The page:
'Ethiopian veterans'에 해당되는 글 1건

  1. 2013.12.27 [Interviews] Expanding the horizons for learning
APCEIU 안과밖2013.12.27 22:14
- An Interview with Mr. Biniyam Gesse Wolderufael
APCEIU interviewed Mr. Biniyam Gessese Wolderufael, participant of the 2013 UNESCO/ROK Co-Sponsored Fellowships Programme. Representing Ethiopia among the 30 participants from 17 countries of Asia and Africa, Biniyam is the son of an Ethiopian veteran in the Korean War.  


- Is this your first visit to Korea? Could you tell us if you have any special memory from the two months’ stay?

Yes, this is my first time visiting Korea. During my stay, I have had a lot of experiences with the Korean people. I was first impressed from the hospitality shown by the members of APCEIU, KOICA and KNUE. I realized that there was no difference between the urban and rural parts of the country regarding the people’s welcoming nature. Another point about Korea was that the country was very developed, which I saw from its well-organized infrastructure (even the facilities) of its education, communication and industrial sectors. The beautiful city of Busan, the historical sites and cultural activities were all amusing features of the beloved Korea. I also had a remarkable experience hearing the participants’ different experiences on education.
- Could you briefly tell us about yourself to our readers? What made you become an educator?

I was born in 1979 in Ambo, 115 kilometres west of Addis Ababa. I have three sisters and six brothers. I completed both my primary and secondary education there. Upon passing the national exam, I joined Addis Ababa University and majored in Geography Education. After graduation, I worked as a teacher in both rural and urban areas, public and private schools. I also worked as a school principal for a primary school. Since 2012, I am working as an in-service training expert in the Teachers and Education Leaders Development Directorate, the Ministry of Education for the Federal Democratic Republic of Ethiopia.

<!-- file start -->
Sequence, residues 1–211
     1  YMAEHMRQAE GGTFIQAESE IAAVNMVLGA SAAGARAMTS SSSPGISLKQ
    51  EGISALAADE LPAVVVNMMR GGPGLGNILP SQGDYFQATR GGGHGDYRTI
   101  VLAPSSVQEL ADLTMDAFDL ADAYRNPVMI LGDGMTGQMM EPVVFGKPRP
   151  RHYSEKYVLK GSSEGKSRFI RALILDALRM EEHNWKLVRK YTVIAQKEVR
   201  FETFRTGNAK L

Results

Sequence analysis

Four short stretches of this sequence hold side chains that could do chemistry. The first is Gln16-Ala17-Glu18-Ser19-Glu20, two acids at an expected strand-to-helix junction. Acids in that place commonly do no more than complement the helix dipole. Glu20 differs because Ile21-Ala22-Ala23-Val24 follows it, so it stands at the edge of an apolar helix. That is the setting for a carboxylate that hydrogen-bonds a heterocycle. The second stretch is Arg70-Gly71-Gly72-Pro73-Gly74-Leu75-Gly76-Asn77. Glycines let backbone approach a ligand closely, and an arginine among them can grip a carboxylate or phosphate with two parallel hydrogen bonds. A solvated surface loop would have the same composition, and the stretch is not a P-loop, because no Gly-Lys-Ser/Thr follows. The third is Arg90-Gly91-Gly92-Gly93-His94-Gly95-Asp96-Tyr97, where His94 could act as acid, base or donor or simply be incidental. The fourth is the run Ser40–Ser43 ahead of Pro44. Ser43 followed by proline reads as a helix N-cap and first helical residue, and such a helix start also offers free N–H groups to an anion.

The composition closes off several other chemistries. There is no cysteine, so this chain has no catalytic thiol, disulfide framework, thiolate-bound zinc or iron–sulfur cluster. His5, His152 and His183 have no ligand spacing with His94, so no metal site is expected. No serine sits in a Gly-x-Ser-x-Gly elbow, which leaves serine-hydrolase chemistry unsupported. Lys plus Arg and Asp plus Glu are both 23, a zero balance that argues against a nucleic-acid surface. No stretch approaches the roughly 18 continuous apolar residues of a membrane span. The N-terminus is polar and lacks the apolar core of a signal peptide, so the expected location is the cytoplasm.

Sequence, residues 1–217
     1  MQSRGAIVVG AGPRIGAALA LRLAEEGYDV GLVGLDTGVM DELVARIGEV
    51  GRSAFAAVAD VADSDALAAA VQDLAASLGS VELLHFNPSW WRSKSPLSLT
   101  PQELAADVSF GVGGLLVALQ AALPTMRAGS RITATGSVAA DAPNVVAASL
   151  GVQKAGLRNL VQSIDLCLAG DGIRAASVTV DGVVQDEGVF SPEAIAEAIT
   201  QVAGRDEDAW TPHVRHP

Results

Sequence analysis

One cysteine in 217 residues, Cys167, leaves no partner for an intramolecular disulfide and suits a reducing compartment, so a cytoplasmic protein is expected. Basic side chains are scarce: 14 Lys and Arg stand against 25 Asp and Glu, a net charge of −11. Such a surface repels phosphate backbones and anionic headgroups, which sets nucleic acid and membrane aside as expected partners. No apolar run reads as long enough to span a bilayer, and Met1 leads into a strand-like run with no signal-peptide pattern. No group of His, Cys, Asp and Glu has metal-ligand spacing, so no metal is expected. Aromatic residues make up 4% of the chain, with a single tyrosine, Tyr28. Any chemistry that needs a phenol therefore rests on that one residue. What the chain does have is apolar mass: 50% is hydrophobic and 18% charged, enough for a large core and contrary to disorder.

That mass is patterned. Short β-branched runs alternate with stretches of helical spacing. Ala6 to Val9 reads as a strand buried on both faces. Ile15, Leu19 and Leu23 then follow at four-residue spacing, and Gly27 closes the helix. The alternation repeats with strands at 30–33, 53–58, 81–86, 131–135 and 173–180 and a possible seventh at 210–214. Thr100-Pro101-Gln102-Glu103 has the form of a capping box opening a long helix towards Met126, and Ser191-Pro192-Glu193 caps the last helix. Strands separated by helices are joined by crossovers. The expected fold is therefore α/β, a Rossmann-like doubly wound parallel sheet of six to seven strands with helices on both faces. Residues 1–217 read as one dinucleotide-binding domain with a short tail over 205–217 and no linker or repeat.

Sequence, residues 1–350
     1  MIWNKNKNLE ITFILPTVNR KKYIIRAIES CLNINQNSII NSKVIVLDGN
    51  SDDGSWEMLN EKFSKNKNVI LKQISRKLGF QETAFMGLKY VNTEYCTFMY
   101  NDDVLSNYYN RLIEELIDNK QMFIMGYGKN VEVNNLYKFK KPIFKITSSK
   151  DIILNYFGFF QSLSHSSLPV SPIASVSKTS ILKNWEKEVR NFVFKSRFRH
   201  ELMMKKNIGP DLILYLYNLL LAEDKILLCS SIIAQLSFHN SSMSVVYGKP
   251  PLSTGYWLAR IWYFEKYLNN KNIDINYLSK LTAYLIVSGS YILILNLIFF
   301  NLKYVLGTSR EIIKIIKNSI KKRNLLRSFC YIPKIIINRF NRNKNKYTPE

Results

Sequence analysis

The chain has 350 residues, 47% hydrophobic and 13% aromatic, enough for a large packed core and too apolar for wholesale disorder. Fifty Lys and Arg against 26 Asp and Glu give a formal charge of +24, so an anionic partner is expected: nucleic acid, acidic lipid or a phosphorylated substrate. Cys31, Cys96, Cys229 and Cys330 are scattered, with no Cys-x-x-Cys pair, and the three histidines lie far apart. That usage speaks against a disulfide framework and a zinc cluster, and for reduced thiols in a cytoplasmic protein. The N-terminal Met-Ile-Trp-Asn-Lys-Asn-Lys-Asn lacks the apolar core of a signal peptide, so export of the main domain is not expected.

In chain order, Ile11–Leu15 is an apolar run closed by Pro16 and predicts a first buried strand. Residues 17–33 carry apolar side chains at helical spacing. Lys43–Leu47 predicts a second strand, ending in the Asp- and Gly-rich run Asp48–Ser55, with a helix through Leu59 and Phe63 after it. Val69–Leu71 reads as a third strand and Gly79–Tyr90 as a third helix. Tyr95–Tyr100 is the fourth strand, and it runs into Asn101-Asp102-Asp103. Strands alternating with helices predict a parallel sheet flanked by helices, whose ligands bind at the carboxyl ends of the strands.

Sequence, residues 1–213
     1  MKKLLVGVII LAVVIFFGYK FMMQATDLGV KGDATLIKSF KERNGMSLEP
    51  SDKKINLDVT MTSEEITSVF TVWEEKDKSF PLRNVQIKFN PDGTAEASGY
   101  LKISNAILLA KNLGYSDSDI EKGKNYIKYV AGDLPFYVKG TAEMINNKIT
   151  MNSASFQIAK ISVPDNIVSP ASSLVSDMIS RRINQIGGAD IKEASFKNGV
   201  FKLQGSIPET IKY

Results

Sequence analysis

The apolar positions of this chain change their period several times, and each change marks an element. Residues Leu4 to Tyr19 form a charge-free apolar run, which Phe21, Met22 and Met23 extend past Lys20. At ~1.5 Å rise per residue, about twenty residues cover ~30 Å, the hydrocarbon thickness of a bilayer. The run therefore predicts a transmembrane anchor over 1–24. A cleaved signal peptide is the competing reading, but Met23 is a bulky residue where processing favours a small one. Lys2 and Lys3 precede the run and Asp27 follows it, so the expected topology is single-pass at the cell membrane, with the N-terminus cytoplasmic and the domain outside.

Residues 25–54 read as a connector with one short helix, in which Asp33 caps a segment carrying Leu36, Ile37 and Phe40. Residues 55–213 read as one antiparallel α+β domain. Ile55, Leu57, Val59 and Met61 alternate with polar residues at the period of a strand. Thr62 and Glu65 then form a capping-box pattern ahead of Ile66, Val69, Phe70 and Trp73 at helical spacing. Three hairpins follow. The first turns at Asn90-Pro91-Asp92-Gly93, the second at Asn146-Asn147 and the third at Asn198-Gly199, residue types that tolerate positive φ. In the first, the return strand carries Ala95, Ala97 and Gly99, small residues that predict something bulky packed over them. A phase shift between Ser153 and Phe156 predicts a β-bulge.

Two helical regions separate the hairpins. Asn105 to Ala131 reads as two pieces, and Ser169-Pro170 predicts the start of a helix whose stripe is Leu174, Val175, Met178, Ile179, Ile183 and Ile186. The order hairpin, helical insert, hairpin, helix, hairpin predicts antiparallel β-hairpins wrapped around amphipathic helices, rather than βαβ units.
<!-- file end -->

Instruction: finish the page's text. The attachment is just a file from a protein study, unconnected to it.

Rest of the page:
Actually, I wanted to become a psychologist when I was younger, but was assigned to the geography department by the university. In Ethiopia some three or more years ago, teachers were seen as people who had low academic achievements during college. But today, becoming a teacher requires a fierce competition.
- What inspired you to change your career from a teacher to a teacher trainer?

It was a matter of chance. I saw a vacancy in the Ministry of Education and submitted my documents for the post. It sought for applicants who both had professional experiences as a teacher and principal. I then took the exam and passed to join the ministry. Another thing I considered was the remuneration, as it increased from my previous posts in schools.
- Is there any reason you changed your major from geography to multi-cultural and multi-lingual education for your masters?